These two men will hurt Jesus deeply. One will deny him three times. The other will perform the final act, betrayal, which sets the arrest, the trial and the crucifixion in motion. Yet, Jesus still washes their feet, and Jesus still eats with them. We learn from Jesus' example in this story that God is love. How else could Jesus wash their feet and eat with them if he didn't love them? As the perfect image of God the Father, Jesus teaches us the nature of God. The nature of God is love. So, when we look at the second person of the Trinity, Jesus, we see the perfect image of God the father. We see God the Father as forgiving and loving.
Finally, God reveals God's self to us in the Third Person of the Trinity the Holy Spirit. The Holy Spirit is revealed to us as the giver of life, as the Lord who leads us into all truth, and as the one who enables us to grow in the likeness of Christ. The Holy Spirit works in the world, in us today, to achieve these goals. When we learn about God's love we have witnessed the work of the Holy Spirit. When we love one another we have participated in the work of the Holy Spirit.
In three persons, Father, Son and Holy Spirit, God is revealed to us. As Father, Son and Holy Spirit, God exists.
Our general tendency is to see God as three different entities or three separate beings. Yet, our God is one. The unity of the Trinity, the way in which God exists as three persons in one is one of our greatest mysteries. We do not understand exactly how this occurs. We do have some clues. The clues lie in the nature of God.
I stated earlier that the nature of God is love. The nature of God is perfect love. In this perfect love the Father, the Son and the Holy Spirit exist. In this love they exist in perfect community. In this perfect love God the Father, the Son and the Holy Spirit have existed before the beginning of time. They were present and active in the creation of the universe. They were present and active in the creation of humanity. They are present and active in the creation today. They live and move and act in perfect love and perfect community. What one person of the Trinity knows, they all know. The actions of one person of the Trinity are the actions of all the persons of the Trinity. God the Father, God the Son and God the Holy Spirit, exist and act in perfect community and perfect love. Through the Trinity, God, One God, in three persons, is revealed to humanity, to you and to me.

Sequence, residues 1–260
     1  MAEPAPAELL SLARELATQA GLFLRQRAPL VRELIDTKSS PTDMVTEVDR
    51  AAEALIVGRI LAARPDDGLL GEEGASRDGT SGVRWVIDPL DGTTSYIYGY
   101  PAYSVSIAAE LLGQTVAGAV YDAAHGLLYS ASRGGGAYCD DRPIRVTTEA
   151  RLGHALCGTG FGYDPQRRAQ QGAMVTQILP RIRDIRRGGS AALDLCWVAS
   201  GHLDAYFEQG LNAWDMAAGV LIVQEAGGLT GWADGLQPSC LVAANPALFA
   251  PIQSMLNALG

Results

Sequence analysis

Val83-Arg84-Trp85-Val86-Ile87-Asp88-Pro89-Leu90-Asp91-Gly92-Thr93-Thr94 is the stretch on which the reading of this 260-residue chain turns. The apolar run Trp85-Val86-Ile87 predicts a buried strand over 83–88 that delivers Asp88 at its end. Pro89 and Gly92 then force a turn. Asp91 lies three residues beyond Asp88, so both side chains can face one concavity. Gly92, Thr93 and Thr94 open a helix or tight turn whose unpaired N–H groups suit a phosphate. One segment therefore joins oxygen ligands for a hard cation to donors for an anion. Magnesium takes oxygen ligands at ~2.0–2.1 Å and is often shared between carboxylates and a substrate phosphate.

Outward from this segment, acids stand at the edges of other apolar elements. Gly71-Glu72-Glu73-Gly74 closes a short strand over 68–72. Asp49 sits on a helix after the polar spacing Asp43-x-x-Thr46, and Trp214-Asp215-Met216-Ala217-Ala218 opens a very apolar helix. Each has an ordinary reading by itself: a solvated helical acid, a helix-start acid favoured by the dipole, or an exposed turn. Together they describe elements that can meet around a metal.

Do we understand this doctrine fully? No. Will we ever understand it fully? I don't know. Many theologians have tried to explain it, but the Trinity in its fullest extent is still a mystery. The Trinity is just as mysterious as the receiving of a small piece of bread and a sip of wine as the Body and Blood of Christ. I would like to share one theologian's concept which might make the Trinity a little clearer.
Frederick Beuchner suggests we might get a clearer view on the Trinity when we look in a mirror. As we look in the mirror we
see ourselves in three lives. The first life we see in the mirror is the one known only to yourself and those to whom you wish to
communicate it. This internal life resembles the Father in the Trinity. The second life we see in the mirror is the visible face. The visible face in some measure reflects the inner life. The visible face in the mirror Beuchner compares to the Son in the Trinity. The third life is the invisible power we each have in order to communicate the interior life we have. Through this invisible power we share with others deeply enough so they are involved in our lives. The invisible power within us he compares to the Holy Spirit.
These three lives make up each and every one of us. Yet, there is only one you. The mirror reflects one and only one you.
God the Father, God the Son, God the Holy Spirit. The interior, the visible, and the invisible. Three persons, one God. Three persons, one nature. Three persons with a nature of love, unconditional love. A love so deep, a love so rich, a love so forgiving, that God sacrifices God's own self for us. Holy, holy, holy, Merciful and Mighty. God in three persons, blessed Trinity.